Is sugar dissolving in water a chemical change?


Sugar dissolving in water is a physical change and not a chemical one. Chemical changes only occur when new substances form. Dissolving sugar in water does not cause a chemical reaction to take place.

When sugar dissolves in water, the sucrose molecules remain intact, making this is a physical change. However, when salt dissolves in water, the sodium ions separate from the chlorine ions, resulting in a chemical change. In both cases, evaporating the water from the solution returns the original substance. While the two processes look very similar, the changes occur as the solid dissolves is different, and the classification of the changes differs.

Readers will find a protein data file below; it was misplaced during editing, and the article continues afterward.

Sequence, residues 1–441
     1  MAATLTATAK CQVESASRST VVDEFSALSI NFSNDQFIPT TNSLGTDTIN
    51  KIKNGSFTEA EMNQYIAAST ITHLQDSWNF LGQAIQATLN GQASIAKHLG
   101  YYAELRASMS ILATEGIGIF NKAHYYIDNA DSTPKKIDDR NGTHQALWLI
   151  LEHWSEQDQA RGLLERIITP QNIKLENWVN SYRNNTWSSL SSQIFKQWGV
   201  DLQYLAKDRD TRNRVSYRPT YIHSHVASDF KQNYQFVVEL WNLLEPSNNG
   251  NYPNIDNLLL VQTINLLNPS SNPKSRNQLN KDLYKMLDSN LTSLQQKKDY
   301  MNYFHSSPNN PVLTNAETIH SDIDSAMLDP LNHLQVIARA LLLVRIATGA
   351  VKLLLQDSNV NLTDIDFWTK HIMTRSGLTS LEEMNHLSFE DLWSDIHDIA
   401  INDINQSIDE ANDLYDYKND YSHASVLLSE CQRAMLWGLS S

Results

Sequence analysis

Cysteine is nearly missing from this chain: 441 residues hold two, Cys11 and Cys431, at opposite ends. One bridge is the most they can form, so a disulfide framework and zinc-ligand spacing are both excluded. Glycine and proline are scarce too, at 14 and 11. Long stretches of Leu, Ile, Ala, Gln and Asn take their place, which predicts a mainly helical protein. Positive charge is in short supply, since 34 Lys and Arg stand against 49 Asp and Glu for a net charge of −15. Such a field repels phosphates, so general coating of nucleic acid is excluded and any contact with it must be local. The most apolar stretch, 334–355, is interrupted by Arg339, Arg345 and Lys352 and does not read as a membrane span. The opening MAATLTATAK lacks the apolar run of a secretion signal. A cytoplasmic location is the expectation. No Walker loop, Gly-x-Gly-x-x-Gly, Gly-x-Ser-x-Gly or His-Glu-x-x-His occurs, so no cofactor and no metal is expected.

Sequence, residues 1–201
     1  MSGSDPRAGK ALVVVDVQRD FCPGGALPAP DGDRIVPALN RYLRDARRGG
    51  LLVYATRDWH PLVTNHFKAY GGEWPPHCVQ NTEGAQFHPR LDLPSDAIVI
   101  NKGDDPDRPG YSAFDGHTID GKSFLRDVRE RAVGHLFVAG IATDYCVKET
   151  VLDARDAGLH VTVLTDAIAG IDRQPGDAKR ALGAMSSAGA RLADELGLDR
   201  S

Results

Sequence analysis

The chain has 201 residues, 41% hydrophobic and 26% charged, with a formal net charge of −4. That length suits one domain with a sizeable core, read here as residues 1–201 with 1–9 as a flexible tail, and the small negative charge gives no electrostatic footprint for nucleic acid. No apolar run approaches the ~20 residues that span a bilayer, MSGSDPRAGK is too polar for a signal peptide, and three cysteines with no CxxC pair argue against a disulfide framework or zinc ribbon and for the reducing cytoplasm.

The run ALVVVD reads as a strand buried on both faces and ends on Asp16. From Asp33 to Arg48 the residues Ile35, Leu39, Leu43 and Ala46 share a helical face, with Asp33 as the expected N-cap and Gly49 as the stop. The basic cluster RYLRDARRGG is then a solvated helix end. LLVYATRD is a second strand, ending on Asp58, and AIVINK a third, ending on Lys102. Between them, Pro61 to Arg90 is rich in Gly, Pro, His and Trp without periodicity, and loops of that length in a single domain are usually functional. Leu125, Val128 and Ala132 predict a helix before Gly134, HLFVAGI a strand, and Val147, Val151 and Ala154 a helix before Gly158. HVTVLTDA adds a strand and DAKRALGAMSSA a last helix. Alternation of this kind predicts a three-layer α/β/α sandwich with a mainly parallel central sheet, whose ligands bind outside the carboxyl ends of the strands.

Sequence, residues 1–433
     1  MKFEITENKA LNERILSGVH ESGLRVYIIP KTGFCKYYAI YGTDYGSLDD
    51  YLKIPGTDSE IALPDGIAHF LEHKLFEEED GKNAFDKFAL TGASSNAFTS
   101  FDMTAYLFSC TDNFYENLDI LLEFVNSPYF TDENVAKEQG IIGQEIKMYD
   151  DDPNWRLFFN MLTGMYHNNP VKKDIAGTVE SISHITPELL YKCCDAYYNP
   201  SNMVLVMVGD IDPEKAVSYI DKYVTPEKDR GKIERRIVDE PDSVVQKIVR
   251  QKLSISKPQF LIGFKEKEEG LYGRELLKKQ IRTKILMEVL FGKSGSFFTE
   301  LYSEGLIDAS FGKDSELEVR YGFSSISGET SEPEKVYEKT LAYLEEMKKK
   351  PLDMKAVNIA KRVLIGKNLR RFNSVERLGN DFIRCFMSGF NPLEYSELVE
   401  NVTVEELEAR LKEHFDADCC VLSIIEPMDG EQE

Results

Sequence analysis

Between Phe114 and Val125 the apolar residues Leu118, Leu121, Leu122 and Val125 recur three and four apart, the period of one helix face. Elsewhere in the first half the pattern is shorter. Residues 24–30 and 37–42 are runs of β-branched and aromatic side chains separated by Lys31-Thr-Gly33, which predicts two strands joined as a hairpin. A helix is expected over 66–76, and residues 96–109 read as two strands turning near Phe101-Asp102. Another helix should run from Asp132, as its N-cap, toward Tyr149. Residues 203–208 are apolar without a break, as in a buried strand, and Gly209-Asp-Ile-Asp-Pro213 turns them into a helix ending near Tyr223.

Q&A Related to "Is sugar dissolving in water a chemical change..."
The change is. physical. because the change is reversible. Evaporate the water and you are left with the sugar, no new substances are produced; the sugar stays sugar and the water
Sugar is a sweet substance used as preservative and, most popular, as a sweetener. Sugar dissolves in water because sugar is a molecule basically composed of very weak intermolecular
As Merline's Feline says, this is not a chemical reaction/change as there is no change in structure and the process of dissolving sugar in water is easily reversed. Hope that Helps!
1. Pour your desired amount of sugar into water. Use warm or hot water to speed up the dissolving process. 2. Stir the mixture with a spoon. 3. Mix until the sugar is fully dissolved
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A good example of a chemical change is the process, in which carbon dioxide and water are changed into sugars by plants. Another example is the ripening of fruits ...
Dissolving salt in water is an example of a chemical change. The dissolution leads the salt to break into sodium and chlorine ions, so it alters its essential ...
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